Report on Brackish Water/Coastal Aquaculture Development, Kenya: Preliminary Final Draft. A Report to the TCP/Ken/0051(A) Mangrove Conservation and Management.
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AbstractKenya has a coastline of about 1420 km. Along the coastline, there are about 64 426 ha of mangrove forests with a large area near Lamu island and at the mouth of the Tana River. The mangrove forests play a significant role in maintaining the productivity of coastal fishery resources providing nursery ground and shelter for fish and shrimp. Shrimp farming and fish culture in brackish water pond are the main aquaculture systems that found attractive and having a high potential for alternative use of mangrove forests while the sea farming such as fish culture in net cages, oyster and seaweed culture can be a substitution of non-destructive aquaculture systems alternatives to pond culture. The benefit derived from shrimp farms are relatively high when compared with forestry products produced by natural managed mangrove. However the shrimp culture required a high capital input and expensive to maintain, and produced disappointing economic result due to low and declining productivity whereas a natural mangrove is a self sustaining. At present, only 3 950 ha of mangrove forests are found suitable for the brackish-water aquaculture development. 58% of the area are within concession of 'salt works. The remaining are 400 ha of the low ground area in Port Reitz, and 1000 ha of a high ground on the North bank of Tana river. The areas suitable for oyster culture are found along tidal creeks of Matondoni, Mto Pungani, Mto Wange and Mangoni in Lamu (100 ha About 5 ha in Paye of Manda Bay are suitable for netcage culture developments. In Mombasa, there are about 10 ha in Port Reitz, and 5 ha in Port Tudor suitable for Tilapia spilurus netcage culture and 15 ha in Gazi bay are suitable for Gracilaria culture developments. The salt farms occupied 7 922 ha of the tidal flats and swamps from the Ngomeni to Kurawa which 1000 ha are not being utilized. In addition to the existing salt works there are 800 ha of swamp land in Lamu are suitable for salt farms development. Brine shrimp culture offers another avenue for utilization of unproductive existing salt ponds without destruction of the mangrove forests. The economic return from brine shrimp farming is also high when compared with those derived from salt pond operations. The financial returns of the semi-intensive culture of P. monodon culture, the Tilapia culture in brackish-water and in netcages, and oyster culture in mangrove area are favorable whereas the extensive culture of P. indicus and marine fish culture in netcages, is not justifiable in economic terms due to high cost of production and low market value of the product in Kenya.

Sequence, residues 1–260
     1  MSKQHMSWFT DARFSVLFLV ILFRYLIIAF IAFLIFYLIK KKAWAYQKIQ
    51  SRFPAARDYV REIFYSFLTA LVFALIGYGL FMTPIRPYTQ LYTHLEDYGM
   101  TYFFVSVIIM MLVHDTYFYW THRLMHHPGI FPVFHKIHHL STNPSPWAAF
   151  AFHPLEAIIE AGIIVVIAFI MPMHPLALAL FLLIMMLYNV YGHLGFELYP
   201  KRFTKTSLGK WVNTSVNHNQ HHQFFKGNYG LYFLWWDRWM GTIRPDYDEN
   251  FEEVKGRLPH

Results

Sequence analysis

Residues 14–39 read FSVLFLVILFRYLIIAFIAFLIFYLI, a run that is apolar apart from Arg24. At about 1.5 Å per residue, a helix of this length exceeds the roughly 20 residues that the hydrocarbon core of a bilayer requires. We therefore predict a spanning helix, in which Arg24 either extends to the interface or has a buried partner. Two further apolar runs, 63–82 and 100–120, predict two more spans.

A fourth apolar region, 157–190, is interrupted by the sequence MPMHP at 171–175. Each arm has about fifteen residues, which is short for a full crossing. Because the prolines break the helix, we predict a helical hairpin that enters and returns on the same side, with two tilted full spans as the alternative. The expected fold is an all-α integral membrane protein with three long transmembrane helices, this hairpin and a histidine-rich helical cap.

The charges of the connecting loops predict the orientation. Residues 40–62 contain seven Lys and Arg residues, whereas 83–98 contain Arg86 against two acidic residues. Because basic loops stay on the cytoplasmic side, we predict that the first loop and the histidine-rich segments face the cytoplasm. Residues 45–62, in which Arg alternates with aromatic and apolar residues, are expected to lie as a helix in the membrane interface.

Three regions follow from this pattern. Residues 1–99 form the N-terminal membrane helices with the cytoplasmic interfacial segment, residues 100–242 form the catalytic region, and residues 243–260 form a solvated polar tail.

Pages41pp. & Annexes.